Rapid adenoviral transduction of freshly resected tumour explants with therapeutically useful genes provides a rationale for genetic immunotherapy for colorectal cancer

R. M. Diaz, S. Todryk, H. Chong, I. R. Hart, K. Sikora, S. Dorudi, R. G. Vile

Research output: Contribution to journalArticlepeer-review

12 Scopus citations

Abstract

To develop protocols for the molecular immunotherapy of colorectal cancer, we compared the efficacy of three separate classes of therapeutic genes to induce antitumour responses in a murine colorectal cell model. Thus, the effects of two cytokines (IL-2 and GM-CSF) were compared with those of a costimulatory gene (B7.1) and a suicide gene (HSVtk). The rank order of efficacy against primary tumour growth was HSVtk[GCV], B7.1 > puro, IL-2 > GM-CSF, neo whereas the order of efficacy in inducing antitumour immunity was GM-CSF, IL-2, > B7.1, HSVtk[GCV] > puro, neo in a prophylactic vaccination model. To exploit these data in a clinically relevant and realistic way, we also demonstrated that colorectal tumours can reproducibly be explanted and established in short-term culture. Finally, a rapid transduction protocol has been developed by which, using adenoviral vectors, as many as 90% of the cells in these fresh tumour explants can be engineered to express high levels of the clinically relevant genes (GM-CSF or IL-2) within 1-2 weeks of surgery. Adenovirus-mediated gene delivery was reproducibly and significantly more efficient than retroviral transduction using the MFG-β-Gal retroviral vector over the time-frame of importance for vaccination. Hence, combination of the animal model data with the ex vivo modification protocol suggests that vaccination of colorectal patients of the appropriate stage will be possible and effective.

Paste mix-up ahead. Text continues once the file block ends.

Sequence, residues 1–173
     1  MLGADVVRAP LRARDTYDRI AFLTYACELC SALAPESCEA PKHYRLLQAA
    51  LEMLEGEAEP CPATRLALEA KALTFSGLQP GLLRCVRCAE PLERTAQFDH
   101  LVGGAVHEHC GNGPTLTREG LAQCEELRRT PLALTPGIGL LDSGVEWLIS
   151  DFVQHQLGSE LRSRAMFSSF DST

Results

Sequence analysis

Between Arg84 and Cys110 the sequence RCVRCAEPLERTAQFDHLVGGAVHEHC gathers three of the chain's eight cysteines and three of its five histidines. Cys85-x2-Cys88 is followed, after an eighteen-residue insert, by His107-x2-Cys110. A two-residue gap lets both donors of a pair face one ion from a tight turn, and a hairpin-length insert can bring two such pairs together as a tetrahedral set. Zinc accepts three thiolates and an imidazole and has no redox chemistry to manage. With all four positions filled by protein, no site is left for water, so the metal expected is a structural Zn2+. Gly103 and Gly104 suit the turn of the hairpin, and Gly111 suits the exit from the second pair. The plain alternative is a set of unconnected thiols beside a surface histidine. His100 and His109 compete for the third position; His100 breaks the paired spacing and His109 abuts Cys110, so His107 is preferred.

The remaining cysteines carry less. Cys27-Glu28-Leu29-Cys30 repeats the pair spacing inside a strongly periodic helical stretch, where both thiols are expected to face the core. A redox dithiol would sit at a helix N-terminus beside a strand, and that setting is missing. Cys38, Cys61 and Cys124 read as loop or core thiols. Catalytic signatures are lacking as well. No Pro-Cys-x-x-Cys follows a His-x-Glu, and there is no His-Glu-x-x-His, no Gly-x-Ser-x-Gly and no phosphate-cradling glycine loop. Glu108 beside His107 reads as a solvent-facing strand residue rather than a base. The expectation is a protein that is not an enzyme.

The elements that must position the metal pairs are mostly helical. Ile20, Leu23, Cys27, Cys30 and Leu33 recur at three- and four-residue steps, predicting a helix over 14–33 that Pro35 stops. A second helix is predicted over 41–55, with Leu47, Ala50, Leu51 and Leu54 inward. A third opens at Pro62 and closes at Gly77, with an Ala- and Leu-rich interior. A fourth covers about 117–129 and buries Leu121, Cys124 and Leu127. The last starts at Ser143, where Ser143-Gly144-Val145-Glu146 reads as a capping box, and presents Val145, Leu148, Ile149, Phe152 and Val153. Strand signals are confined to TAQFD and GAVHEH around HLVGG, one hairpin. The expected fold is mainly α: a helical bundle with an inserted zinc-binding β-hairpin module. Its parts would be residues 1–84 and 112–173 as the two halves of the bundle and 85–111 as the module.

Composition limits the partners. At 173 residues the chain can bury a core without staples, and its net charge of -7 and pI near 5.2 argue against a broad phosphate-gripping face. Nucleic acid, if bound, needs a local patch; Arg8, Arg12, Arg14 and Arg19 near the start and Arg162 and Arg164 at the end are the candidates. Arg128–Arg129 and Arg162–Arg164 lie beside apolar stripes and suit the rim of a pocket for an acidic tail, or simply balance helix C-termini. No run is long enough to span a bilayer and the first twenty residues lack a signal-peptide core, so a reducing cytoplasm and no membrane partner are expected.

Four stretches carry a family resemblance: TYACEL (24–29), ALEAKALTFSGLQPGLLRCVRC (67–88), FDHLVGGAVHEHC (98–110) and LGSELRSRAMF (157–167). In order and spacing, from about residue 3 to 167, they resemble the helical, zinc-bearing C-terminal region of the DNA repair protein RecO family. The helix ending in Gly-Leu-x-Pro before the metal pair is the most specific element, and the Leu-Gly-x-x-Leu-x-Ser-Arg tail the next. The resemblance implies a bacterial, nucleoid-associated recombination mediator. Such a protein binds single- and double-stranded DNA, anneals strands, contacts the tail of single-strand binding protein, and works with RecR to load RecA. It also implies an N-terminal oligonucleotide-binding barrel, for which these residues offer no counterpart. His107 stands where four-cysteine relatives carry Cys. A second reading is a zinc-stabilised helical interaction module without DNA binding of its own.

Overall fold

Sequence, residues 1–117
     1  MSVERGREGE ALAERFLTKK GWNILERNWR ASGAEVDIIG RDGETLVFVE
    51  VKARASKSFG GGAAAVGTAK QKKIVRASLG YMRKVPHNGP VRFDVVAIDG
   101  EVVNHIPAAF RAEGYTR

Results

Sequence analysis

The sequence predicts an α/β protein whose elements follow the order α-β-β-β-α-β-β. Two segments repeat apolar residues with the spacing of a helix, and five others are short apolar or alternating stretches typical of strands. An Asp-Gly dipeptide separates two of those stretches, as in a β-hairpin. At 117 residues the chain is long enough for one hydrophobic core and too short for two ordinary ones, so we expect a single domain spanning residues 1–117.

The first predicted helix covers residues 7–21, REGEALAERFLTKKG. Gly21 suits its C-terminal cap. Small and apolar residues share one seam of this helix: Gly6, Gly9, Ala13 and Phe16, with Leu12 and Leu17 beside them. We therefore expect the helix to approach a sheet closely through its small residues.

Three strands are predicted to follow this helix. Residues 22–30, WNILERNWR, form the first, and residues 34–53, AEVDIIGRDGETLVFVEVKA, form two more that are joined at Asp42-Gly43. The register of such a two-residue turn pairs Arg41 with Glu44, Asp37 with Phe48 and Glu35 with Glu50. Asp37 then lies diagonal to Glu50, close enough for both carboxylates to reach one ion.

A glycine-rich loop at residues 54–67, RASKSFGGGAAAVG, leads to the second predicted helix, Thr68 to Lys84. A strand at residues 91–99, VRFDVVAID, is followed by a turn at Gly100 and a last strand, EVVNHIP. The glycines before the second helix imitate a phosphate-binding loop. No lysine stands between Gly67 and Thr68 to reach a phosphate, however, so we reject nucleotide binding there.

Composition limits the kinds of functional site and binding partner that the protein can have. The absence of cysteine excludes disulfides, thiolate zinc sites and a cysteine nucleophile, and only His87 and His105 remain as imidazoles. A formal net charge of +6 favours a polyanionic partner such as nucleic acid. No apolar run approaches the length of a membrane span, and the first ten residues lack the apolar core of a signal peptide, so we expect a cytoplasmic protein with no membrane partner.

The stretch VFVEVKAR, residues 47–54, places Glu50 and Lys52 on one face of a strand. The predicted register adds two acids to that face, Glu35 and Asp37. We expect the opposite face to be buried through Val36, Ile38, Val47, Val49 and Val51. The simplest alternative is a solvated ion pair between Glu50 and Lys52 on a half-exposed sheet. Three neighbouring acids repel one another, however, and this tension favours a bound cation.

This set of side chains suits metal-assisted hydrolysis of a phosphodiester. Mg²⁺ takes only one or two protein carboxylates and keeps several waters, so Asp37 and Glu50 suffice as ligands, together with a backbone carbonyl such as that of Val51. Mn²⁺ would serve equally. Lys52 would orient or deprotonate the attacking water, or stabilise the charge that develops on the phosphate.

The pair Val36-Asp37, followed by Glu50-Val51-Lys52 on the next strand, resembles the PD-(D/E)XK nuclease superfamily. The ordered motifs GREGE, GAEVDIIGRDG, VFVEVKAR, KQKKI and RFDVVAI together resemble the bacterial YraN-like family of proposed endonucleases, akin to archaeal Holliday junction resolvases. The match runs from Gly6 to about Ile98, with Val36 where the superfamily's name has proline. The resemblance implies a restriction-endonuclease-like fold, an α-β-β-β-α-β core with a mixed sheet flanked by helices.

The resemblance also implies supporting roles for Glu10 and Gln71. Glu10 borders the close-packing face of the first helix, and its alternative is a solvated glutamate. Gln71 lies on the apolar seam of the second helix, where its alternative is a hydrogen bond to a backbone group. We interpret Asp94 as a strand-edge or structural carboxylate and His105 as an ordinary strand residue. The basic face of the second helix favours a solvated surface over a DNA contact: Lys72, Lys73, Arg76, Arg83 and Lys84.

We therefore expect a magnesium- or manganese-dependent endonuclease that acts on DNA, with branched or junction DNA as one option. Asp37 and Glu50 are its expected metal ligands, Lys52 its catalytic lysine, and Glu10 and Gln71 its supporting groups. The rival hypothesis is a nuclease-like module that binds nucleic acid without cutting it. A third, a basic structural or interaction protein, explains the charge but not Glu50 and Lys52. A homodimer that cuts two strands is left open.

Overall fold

Original languageEnglish (US)
Pages (from-to)869-879
Number of pages11
JournalGene Therapy
Volume5
Issue number7
DOIs
StatePublished - 1998

Keywords

  • Adenoviral vectors
  • Colorectal cancer
  • Cytokines
  • Immunotherapy

ASJC Scopus subject areas

  • Molecular Medicine
  • Molecular Biology
  • Genetics

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